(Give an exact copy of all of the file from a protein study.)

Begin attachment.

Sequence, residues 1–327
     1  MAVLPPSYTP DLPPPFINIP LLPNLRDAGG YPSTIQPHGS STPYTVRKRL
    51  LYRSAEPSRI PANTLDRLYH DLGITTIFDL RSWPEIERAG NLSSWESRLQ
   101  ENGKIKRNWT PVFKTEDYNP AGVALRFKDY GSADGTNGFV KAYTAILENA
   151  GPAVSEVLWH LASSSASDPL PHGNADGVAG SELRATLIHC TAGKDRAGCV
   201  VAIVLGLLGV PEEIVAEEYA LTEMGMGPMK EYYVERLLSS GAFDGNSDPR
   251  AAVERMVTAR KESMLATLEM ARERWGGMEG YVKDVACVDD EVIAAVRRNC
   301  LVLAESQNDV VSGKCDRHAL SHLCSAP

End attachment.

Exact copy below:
Sequence, residues 1–327
     1  MAVLPPSYTP DLPPPFINIP LLPNLRDAGG YPSTIQPHGS STPYTVRKRL
    51  LYRSAEPSRI PANTLDRLYH DLGITTIFDL RSWPEIERAG NLSSWESRLQ
   101  ENGKIKRNWT PVFKTEDYNP AGVALRFKDY GSADGTNGFV KAYTAILENA
   151  GPAVSEVLWH LASSSASDPL PHGNADGVAG SELRATLIHC TAGKDRAGCV
   201  VAIVLGLLGV PEEIVAEEYA LTEMGMGPMK EYYVERLLSS GAFDGNSDPR
   251  AAVERMVTAR KESMLATLEM ARERWGGMEG YVKDVACVDD EVIAAVRRNC
   301  LVLAESQNDV VSGKCDRHAL SHLCSAP